carpentry question

We are replacing part of a bathroom floor along side a non support wall. This is because the floor was not installed level and also suffered water damage. The carpenter said we should put blocking under the wall between joists since we will be cutting the plywood subfloor next to it and the wall might eventually sag without the blocking. I certainly agree. The question I have is should the plywood be just laid and nailed on top of the blocking or should we add blocking perpendicular and between those first blocks so the cut edge of the plywood has something to sit on. Thanks for your advice.
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Art wrote:

Assuming that it is the usual 16" OC, it really should not be a problem. There will be no such blocking where two plywood panels meet in the middle of the room.
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Joseph Meehan

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We will not have the advantage of tongue and groove fit though as would be normal where plywood panels meet in the middle of the room in new construction so that is why I am concerned.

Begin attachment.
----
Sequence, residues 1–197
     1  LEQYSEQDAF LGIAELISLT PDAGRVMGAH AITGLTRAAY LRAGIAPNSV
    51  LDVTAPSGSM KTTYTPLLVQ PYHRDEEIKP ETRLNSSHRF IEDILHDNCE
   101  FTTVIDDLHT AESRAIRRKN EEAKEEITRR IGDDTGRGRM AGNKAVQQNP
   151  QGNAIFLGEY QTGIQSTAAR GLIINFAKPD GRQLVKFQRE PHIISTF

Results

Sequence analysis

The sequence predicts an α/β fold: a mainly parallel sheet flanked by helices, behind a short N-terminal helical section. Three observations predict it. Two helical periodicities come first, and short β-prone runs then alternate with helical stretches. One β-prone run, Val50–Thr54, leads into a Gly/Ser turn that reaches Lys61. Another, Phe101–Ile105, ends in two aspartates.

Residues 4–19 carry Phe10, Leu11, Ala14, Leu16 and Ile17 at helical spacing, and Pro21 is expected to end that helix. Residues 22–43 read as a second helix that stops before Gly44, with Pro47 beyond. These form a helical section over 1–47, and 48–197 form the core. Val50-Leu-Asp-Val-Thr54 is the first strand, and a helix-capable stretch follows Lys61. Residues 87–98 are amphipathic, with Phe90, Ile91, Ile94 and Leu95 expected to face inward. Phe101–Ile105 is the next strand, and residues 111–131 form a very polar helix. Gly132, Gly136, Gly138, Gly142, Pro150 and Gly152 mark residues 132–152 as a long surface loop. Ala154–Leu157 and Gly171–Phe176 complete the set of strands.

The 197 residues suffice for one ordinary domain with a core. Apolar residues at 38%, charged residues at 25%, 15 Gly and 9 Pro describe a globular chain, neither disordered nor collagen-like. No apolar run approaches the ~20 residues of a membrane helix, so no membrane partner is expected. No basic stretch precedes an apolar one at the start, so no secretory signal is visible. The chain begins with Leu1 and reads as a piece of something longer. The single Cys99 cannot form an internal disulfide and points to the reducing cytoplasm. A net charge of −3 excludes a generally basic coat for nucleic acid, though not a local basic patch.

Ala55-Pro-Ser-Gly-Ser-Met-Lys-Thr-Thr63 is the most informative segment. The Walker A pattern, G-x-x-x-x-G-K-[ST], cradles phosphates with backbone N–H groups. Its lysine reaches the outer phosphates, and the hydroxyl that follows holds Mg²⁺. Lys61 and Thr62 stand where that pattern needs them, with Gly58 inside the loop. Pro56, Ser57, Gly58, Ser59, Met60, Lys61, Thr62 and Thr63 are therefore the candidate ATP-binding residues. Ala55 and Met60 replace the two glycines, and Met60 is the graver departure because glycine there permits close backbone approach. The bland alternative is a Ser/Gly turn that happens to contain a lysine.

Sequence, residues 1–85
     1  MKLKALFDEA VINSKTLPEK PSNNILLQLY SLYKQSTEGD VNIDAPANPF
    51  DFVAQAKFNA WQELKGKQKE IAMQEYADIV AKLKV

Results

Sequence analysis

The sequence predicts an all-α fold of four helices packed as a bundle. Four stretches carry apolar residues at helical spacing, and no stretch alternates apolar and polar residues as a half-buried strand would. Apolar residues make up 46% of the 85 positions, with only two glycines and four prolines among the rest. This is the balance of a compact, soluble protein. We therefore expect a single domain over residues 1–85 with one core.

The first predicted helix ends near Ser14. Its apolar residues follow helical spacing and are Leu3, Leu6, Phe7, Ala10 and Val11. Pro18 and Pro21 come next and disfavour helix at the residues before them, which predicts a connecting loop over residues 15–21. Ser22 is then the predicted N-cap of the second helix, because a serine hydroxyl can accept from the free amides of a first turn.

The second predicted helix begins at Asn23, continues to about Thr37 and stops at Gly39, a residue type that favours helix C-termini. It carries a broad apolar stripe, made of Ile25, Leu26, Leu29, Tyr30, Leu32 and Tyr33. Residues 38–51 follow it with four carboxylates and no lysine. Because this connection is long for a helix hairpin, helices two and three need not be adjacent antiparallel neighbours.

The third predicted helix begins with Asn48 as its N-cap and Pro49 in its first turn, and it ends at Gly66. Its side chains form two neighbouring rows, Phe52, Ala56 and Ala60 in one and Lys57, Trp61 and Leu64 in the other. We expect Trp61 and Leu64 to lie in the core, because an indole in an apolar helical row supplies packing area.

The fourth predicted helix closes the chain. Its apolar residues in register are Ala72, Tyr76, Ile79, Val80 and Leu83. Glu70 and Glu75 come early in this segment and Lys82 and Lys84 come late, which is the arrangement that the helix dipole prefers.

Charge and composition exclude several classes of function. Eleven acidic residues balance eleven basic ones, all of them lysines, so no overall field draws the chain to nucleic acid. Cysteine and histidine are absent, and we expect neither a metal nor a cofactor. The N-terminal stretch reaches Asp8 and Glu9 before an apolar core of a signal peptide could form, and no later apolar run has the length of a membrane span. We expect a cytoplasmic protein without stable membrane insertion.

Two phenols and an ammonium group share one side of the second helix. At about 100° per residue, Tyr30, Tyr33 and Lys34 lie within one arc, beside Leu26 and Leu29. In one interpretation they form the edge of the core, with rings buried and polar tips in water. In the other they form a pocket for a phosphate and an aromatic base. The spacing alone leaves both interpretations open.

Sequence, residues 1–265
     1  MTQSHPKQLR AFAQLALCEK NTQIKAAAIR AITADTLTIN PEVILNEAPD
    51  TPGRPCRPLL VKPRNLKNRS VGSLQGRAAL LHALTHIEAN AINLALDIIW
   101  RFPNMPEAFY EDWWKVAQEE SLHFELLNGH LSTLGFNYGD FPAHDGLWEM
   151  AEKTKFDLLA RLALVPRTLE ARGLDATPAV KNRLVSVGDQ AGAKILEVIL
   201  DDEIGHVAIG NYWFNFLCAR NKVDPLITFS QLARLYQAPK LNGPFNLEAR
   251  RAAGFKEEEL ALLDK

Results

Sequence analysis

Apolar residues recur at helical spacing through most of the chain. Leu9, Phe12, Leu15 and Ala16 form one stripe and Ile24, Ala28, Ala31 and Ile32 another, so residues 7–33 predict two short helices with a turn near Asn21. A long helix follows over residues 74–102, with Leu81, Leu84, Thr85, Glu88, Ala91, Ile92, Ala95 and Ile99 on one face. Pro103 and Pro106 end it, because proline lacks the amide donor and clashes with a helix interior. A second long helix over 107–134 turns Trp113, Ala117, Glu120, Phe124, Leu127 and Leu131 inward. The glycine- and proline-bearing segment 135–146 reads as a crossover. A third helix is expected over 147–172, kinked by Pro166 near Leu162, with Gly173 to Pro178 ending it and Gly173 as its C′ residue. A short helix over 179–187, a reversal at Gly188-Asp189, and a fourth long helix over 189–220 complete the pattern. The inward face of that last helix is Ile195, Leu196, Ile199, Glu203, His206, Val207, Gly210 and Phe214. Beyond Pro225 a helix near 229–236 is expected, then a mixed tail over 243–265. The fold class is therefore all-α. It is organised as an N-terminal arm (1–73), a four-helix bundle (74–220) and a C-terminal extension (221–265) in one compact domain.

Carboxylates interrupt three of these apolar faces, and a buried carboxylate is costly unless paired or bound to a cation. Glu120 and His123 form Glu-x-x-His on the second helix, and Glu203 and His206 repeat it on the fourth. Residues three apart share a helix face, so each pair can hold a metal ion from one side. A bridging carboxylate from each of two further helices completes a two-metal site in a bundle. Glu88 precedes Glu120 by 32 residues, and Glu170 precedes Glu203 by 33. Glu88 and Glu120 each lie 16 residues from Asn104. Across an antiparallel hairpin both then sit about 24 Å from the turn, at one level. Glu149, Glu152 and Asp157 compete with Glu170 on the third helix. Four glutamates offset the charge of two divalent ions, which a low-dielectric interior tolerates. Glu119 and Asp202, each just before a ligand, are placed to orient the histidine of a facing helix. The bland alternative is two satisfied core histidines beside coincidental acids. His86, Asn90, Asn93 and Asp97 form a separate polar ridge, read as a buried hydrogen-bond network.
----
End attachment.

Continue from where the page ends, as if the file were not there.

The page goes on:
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Art wrote:

Even in new construction w/ T&G or not the edges of subflooring (that _is_ what you're talking about, right?) are not "left hanging" between joists in any reasonable construction--the sheets are trimmed to meet on a joist.
If your retrofit can't cut back to an existing joist for some reason, then certainly there should be blocking at the joint(s) of adjacent sheets to avoid the otherwise inevitable springiness that a cantilevered sheet edge would otherwise be. It seems unlikely in most cases one couldn't simply go back to the next joist, however.
If you're talking cross-joists and not with the joist direction, then you're only talking a 16" span and probably can get by, but if there's access to insert blocking, can't hurt and can't cost much.
imo, ymmv, $0.02, etc., etc., ...
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The more edges you tie together in floors, walls, whatever, the stronger the structure will be. Applies to drywall, too. Your intuition on this one is absolutely correct. Keep in mind that construction adhesives add tremendously to overall quality and that is why more and more quality homes are being litertally glued together thse days. HTH
Joe
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